Hamilton said Tennessee historically has won 70 percent of its football games. Thus, based on a 12-game schedule, Hamilton expects the football team to win eight or nine games.
``Then if you start exceeding expectation levels and doing special things like winning division titles or the winning conference championship or making BCS appearances, that's when I start thinking more about extra compensation,'' said Hamilton, noting that bonuses are given to coaches for bowl appearances.
Hamilton said he also considers the direction of the program, the overall feel of the program and what he sees down the road and recruiting.
Of those four categories, the only positive is recruiting. The Vols were ranked No. 1 in recruiting in 2005 and are headed for the top five this season.
Hamilton said a 9-3 season is a ``good'' season.
What about 9-4? What about losing the Outback Bowl to a mediocre Penn State team? What about the sour taste left in UT's mouth by losing the last game of the season?
``I've said before, we can be too negative over a bowl loss and too positive over a bowl win,'' Hamilton said. ``Frankly, one reason for waiting a few weeks (on the Fulmer situation) is to get it behind me and make a decision that makes sense based on a wholistic approach, not just on the emotion of a bowl loss that none of us were happy with.''
Hamilton said UT was more talented than Penn State and he was very disappointed with the defeat in the Outback Bowl.
Hamilton said he won't announce Fulmer's raise status until he decides what to do with the assistant coaches. He said the assistants will get raises. When the raises are determined, Hamilton will make a joint announcement.
Hamilton said he doesn't see a need to reach a decision before national signing day, which is Feb. 7.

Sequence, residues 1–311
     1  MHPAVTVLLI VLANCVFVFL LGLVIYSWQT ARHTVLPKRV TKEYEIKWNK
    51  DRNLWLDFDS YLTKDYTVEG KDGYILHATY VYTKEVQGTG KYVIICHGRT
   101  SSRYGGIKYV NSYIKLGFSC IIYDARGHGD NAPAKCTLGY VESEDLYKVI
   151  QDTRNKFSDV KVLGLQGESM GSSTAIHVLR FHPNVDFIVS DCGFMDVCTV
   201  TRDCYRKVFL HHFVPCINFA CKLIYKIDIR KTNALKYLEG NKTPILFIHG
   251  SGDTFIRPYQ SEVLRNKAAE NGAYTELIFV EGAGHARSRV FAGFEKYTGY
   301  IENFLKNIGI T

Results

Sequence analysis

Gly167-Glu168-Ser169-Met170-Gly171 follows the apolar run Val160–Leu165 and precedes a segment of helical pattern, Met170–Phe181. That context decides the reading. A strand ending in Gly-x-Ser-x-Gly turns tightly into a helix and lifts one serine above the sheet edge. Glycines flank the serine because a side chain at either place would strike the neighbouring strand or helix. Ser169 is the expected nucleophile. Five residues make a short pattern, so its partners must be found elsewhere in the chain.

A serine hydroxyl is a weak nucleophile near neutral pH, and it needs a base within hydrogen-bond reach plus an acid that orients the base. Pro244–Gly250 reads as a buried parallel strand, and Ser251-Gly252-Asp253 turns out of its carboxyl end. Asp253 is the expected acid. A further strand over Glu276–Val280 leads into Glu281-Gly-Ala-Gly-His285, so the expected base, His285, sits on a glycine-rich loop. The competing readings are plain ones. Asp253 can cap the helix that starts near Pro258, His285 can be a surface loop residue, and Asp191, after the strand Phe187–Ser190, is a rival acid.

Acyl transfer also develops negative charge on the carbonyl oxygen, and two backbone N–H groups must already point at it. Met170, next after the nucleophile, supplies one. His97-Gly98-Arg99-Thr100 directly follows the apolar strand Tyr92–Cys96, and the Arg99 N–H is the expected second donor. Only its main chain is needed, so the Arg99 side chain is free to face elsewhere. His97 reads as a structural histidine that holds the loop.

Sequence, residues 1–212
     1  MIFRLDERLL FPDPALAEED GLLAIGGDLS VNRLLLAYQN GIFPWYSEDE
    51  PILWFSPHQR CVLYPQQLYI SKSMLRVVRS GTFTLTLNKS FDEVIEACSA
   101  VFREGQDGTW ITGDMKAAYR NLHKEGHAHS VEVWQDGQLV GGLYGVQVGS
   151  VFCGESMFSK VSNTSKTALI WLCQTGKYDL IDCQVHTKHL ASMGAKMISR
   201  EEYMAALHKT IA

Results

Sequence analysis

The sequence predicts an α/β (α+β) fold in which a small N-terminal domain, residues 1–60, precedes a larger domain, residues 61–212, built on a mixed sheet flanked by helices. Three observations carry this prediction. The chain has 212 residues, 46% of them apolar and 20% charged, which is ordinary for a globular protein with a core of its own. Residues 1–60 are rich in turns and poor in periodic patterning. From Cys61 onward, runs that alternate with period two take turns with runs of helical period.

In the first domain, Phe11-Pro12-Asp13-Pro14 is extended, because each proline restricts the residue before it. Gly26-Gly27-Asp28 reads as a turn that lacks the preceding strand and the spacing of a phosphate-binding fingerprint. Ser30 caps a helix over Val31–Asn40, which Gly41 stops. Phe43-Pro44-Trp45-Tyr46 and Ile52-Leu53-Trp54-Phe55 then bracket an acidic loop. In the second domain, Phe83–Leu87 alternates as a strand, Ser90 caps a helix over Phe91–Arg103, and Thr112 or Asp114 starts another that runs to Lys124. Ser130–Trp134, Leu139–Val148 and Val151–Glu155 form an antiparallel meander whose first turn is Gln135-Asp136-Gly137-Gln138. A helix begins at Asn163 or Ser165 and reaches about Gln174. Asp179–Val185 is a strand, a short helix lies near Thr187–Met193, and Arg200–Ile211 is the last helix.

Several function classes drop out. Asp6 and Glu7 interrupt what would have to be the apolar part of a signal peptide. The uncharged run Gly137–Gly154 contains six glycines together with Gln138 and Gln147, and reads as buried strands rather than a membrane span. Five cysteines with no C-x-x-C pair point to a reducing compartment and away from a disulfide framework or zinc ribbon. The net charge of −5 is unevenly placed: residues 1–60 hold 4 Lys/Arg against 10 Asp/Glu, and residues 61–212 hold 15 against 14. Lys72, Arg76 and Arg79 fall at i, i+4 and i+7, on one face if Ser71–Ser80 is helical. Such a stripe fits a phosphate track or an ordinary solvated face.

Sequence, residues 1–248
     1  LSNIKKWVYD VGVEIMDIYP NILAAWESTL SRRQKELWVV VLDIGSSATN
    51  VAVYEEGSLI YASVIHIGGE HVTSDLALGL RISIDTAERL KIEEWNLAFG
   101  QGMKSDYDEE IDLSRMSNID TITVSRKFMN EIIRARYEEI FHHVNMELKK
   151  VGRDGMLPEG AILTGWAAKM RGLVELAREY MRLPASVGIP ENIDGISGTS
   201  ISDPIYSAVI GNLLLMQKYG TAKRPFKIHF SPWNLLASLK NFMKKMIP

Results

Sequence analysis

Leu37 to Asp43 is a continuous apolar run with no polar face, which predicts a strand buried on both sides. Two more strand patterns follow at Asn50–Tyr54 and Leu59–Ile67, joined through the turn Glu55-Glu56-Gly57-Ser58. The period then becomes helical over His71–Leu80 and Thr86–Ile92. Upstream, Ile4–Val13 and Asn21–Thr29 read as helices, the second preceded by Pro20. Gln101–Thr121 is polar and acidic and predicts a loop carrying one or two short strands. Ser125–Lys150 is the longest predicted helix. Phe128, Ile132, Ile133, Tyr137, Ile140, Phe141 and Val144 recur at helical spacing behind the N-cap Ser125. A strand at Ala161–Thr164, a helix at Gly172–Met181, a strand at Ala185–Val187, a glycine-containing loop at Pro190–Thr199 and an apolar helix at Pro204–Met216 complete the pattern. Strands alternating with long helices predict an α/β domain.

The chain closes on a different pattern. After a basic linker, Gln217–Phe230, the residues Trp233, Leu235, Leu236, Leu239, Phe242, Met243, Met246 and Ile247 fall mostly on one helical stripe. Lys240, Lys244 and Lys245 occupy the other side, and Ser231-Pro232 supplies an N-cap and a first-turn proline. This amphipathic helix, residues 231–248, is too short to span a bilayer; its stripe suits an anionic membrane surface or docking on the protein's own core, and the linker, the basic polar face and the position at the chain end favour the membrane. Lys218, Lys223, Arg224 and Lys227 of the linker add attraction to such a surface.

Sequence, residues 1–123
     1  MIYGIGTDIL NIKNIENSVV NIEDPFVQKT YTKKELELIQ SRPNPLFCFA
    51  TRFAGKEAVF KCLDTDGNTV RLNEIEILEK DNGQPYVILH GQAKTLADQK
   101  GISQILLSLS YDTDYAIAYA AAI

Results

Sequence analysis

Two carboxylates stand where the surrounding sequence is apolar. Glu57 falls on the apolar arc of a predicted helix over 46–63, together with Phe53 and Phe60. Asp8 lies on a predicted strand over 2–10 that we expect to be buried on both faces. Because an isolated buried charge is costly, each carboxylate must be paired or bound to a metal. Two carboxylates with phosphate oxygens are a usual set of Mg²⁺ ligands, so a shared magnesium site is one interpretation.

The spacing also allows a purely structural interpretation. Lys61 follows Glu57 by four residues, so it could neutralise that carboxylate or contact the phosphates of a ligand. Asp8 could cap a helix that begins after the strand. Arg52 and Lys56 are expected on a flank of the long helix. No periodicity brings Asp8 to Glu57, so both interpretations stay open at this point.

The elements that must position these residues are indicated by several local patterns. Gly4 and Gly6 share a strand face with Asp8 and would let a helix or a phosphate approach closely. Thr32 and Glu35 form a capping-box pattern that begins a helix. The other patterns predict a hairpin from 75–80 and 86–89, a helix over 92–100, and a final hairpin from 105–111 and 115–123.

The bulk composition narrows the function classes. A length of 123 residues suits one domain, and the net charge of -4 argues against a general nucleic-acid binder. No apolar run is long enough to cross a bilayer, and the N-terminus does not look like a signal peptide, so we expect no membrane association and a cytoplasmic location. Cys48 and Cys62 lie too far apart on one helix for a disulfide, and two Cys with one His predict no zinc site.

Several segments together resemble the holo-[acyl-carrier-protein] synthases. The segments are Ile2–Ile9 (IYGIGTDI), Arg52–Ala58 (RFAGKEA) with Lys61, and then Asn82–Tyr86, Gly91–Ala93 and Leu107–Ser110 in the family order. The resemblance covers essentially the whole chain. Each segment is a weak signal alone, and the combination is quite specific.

If he wasn't ready to announce a raise, why did Hamilton say he was giving Fulmer an extension?
``Because I want him to be our football coach and because I plan on him being here for a while and my hope is he will retire here as our football coach,'' Hamilton said.
``I value the things he has meant to our university. And I think we're well positioned to do the things we want to do. That doesn't mean we haven't had some issues we need to overcome over the past couple of years.''
A fan suggested that as long as UT draws 105,000 a game in football, Fulmer's job is safe. Hamilton said that's not true.
You can bet that if UT has a losing record in 2007, regardless of whether attendance is at 105,000 per game, Fulmer will not be retained.
In fact, if Fulmer doesn't win an SEC title or get into a BCS bowl game in the next two years, I think he'll resign or be fired.
Tennessee has gone eight years without an SEC title, the third-longest drought in school history. Ten years without an SEC title will doom Fulmer.
Hamilton said he wouldn't keep a coach just because of the uncertainty that a new coach might not do any better.
Hamilton faced that decision two years ago with Buzz Peterson. He fired the popular men's basketball coach because he didn't believe Peterson could take the Vols where he wanted them to go.
Hamilton hit a home run in hiring Bruce Pearl.
Is there another Bruce Pearl on the college football scene? Perhaps, but Hamilton hopes he doesn't have to find out any time soon.
``It's not as simple as fans think it is,'' Hamilton said in hiring a football or basketball coach. ``A lot of guys try to play you for more money at their place. A lot of guys are pretty happy with their kids in school at X, Y, Z Elementary.''
Having said that, Hamilton was forceful in his endorsement of Fulmer.
``We've got the right guy for UT,'' Hamilton said. ``That doesn't mean we're perfect or don't have things we need to work on. We do, absolutely.
``But in terms of growing up in this state and bleeding orange and wanting Tennessee to succeed and knowing what it takes to succeed at Tennessee and representing us well and not having major (NCAA) violations, and all those kinds of things, Phillip Fulmer is the right guy for this job.''